In celebration of International Podcast Day 2016, Derek participates in a roundtable discussion with fellow comics podcasters, including John Siuntres of Word Balloon, Chris Marshall of Collected Comics Library, and John Mayo of Comic Books Page. The four of them talk extensively about their experiences in podcasting, the challenges of working with publishers and creators within the industry, their particular niche interests in comics podcasting, how their shows have evolved over the years, and their “wish lists” for growing as a podcast. Not only do the guys discuss the many facets of podcasting specifically about comics, they also share insights about podcasting as a social media platform.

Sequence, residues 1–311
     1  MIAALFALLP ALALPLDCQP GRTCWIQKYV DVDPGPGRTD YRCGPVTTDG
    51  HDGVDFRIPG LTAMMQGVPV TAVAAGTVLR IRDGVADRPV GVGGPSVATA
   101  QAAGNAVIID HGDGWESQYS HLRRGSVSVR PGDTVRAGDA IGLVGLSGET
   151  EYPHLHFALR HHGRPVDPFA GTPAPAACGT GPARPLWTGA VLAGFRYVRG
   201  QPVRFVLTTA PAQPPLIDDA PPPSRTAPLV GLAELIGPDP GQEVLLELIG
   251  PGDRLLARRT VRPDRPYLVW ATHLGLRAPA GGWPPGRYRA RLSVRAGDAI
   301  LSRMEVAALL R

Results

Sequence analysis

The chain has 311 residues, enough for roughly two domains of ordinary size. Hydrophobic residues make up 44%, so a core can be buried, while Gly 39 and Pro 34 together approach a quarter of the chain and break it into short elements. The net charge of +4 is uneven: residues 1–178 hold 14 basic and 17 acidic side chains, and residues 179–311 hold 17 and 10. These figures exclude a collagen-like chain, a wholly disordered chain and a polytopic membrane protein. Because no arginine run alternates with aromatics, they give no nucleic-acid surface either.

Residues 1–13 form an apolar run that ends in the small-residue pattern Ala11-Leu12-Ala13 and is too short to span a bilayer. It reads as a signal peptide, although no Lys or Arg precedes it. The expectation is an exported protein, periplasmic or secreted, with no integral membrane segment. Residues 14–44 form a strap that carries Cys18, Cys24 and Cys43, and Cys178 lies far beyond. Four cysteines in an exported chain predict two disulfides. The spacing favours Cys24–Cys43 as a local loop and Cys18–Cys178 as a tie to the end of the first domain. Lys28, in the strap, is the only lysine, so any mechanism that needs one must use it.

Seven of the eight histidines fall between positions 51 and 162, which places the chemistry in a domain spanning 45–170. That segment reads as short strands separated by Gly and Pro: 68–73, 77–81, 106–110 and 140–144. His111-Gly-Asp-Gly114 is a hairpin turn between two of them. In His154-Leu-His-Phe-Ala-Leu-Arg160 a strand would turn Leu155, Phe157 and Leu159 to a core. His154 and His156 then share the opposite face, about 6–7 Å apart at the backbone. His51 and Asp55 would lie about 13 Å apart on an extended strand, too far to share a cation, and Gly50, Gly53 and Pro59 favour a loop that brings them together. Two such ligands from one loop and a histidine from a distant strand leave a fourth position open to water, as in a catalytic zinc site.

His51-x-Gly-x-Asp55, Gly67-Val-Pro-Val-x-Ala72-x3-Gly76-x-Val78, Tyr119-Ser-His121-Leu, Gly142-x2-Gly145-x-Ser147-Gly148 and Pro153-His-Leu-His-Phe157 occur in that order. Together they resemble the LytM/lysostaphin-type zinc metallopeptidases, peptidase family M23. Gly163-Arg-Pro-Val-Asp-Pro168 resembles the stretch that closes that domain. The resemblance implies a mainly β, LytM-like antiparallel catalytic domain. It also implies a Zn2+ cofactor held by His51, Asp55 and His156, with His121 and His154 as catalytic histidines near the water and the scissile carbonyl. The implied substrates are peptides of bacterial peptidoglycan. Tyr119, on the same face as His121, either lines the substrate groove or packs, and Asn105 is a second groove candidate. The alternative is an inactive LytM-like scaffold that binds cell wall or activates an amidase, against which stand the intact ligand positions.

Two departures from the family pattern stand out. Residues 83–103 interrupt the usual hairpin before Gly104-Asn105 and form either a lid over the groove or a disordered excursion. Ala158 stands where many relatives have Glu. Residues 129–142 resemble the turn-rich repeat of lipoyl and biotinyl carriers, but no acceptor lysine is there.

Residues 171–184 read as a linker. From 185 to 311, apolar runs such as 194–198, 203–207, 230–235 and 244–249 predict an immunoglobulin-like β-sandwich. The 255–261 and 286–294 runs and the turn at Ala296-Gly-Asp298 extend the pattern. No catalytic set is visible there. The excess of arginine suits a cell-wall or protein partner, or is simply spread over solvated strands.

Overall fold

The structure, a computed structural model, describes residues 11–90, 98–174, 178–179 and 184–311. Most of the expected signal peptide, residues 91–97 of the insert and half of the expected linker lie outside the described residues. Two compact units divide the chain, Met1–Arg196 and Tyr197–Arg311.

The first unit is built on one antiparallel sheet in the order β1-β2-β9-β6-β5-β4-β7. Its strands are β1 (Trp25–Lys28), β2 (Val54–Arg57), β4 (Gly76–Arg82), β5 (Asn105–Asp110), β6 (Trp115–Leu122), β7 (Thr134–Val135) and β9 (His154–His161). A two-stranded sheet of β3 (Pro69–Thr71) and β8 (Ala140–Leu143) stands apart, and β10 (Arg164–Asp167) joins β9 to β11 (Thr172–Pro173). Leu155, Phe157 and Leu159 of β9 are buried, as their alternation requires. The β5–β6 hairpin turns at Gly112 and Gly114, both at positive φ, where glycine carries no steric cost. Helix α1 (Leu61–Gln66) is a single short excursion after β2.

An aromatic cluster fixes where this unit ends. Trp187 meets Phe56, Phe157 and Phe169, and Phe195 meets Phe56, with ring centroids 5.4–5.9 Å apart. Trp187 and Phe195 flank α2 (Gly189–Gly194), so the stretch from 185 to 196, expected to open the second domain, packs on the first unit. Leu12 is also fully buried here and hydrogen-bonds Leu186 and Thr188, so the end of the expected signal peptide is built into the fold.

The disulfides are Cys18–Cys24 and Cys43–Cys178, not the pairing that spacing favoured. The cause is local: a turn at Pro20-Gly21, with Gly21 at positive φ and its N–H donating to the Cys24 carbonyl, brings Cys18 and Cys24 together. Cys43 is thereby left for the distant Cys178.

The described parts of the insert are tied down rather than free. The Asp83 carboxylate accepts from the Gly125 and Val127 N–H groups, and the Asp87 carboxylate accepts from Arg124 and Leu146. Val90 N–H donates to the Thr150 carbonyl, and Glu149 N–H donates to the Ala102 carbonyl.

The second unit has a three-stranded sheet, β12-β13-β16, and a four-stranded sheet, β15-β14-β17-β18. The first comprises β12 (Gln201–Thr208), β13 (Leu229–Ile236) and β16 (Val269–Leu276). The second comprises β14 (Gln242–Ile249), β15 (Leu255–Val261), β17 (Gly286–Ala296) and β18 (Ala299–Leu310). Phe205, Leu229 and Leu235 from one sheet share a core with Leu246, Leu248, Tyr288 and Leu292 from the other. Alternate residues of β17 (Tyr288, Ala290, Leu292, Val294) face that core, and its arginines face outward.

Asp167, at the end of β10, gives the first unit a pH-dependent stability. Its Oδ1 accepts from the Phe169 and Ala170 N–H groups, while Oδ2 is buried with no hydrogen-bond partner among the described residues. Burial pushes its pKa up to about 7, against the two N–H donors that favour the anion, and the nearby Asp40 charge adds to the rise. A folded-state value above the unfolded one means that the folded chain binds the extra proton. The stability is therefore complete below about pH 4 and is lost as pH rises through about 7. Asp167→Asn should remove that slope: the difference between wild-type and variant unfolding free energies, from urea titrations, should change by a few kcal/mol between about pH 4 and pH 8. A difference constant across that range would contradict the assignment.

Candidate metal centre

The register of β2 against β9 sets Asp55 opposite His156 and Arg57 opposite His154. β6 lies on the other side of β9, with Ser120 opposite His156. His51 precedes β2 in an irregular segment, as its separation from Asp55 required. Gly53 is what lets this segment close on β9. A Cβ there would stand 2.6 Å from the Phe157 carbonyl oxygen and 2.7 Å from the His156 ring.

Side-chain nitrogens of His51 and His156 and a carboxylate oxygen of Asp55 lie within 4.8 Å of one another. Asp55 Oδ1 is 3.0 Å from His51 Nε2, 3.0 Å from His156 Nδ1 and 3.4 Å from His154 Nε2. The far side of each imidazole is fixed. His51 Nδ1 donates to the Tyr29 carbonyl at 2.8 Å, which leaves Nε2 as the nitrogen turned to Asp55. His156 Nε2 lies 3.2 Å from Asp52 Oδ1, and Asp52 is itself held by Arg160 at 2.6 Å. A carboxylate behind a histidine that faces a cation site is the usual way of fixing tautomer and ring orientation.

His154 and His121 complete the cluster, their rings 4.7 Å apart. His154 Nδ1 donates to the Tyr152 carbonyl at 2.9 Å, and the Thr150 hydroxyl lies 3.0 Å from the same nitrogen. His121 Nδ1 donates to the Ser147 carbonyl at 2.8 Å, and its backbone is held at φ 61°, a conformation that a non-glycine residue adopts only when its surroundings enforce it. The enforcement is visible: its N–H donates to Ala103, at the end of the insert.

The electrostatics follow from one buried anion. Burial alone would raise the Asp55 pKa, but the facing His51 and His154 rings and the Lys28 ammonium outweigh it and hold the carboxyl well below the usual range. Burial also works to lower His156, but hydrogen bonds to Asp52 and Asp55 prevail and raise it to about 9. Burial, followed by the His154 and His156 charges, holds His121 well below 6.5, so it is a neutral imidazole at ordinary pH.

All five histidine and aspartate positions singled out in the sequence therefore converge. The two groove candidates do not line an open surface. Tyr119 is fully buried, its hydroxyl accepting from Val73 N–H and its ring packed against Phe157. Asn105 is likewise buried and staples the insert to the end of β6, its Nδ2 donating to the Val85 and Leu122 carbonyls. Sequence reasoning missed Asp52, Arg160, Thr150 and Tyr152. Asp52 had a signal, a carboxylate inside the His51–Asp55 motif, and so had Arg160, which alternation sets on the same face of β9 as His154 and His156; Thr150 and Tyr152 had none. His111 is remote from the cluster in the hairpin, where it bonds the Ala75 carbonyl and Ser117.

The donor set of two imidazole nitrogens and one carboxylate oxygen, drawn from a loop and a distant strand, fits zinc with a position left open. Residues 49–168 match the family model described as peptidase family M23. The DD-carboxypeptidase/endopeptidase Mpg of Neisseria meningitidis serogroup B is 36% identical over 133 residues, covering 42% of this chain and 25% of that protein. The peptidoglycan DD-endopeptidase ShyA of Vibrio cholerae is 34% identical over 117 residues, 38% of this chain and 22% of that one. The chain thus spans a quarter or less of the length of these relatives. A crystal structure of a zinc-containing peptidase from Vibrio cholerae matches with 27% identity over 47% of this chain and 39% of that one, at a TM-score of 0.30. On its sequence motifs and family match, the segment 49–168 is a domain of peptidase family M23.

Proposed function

Find out more about International Podcast Day and how you can help promote podcasting worldwide. And be sure to share your thoughts on social media using #PodcastDay.
The guys are back with their third annual Thanksgiving show. This a special episode of The Comics Alternative where Andy, Derek, and other cohosts get together to discuss what they’re thankful for in the world of comics and comics culture. This year both Andy W. and Gene are able to join in, so for this special holiday week you get a special episode with extra stuff: FourGuys with PhDs Talking about Comics! Among the various things Gene, Derek, Andy, and Andy are thankful for are
small-press publishers (like Kilgore, Uncivilized, Youth in Decline, AdHouse, Conundrum, Koyama, etc) who provide them with material for their podcasts,
Chris Marshall of Collected Comics Library, who provided us with 17 years of insightful comics analysis (and whose podcast the guys will miss),